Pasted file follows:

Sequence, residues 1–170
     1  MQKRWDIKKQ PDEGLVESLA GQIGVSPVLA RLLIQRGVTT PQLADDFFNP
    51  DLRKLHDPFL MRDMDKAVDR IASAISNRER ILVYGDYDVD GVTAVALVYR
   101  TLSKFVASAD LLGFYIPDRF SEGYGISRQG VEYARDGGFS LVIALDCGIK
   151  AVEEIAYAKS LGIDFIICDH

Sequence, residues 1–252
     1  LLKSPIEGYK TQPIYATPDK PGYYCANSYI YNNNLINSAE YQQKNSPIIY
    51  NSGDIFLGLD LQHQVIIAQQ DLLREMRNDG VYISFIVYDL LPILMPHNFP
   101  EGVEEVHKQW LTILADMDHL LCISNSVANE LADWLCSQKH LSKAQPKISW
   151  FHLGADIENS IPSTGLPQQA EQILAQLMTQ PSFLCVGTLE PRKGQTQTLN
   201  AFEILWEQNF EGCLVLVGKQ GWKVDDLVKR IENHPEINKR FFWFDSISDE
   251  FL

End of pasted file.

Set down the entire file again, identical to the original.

Sequence, residues 1–170
     1  MQKRWDIKKQ PDEGLVESLA GQIGVSPVLA RLLIQRGVTT PQLADDFFNP
    51  DLRKLHDPFL MRDMDKAVDR IASAISNRER ILVYGDYDVD GVTAVALVYR
   101  TLSKFVASAD LLGFYIPDRF SEGYGISRQG VEYARDGGFS LVIALDCGIK
   151  AVEEIAYAKS LGIDFIICDH

Sequence, residues 1–252
     1  LLKSPIEGYK TQPIYATPDK PGYYCANSYI YNNNLINSAE YQQKNSPIIY
    51  NSGDIFLGLD LQHQVIIAQQ DLLREMRNDG VYISFIVYDL LPILMPHNFP
   101  EGVEEVHKQW LTILADMDHL LCISNSVANE LADWLCSQKH LSKAQPKISW
   151  FHLGADIENS IPSTGLPQQA EQILAQLMTQ PSFLCVGTLE PRKGQTQTLN
   201  AFEILWEQNF EGCLVLVGKQ GWKVDDLVKR IENHPEINKR FFWFDSISDE
   251  FL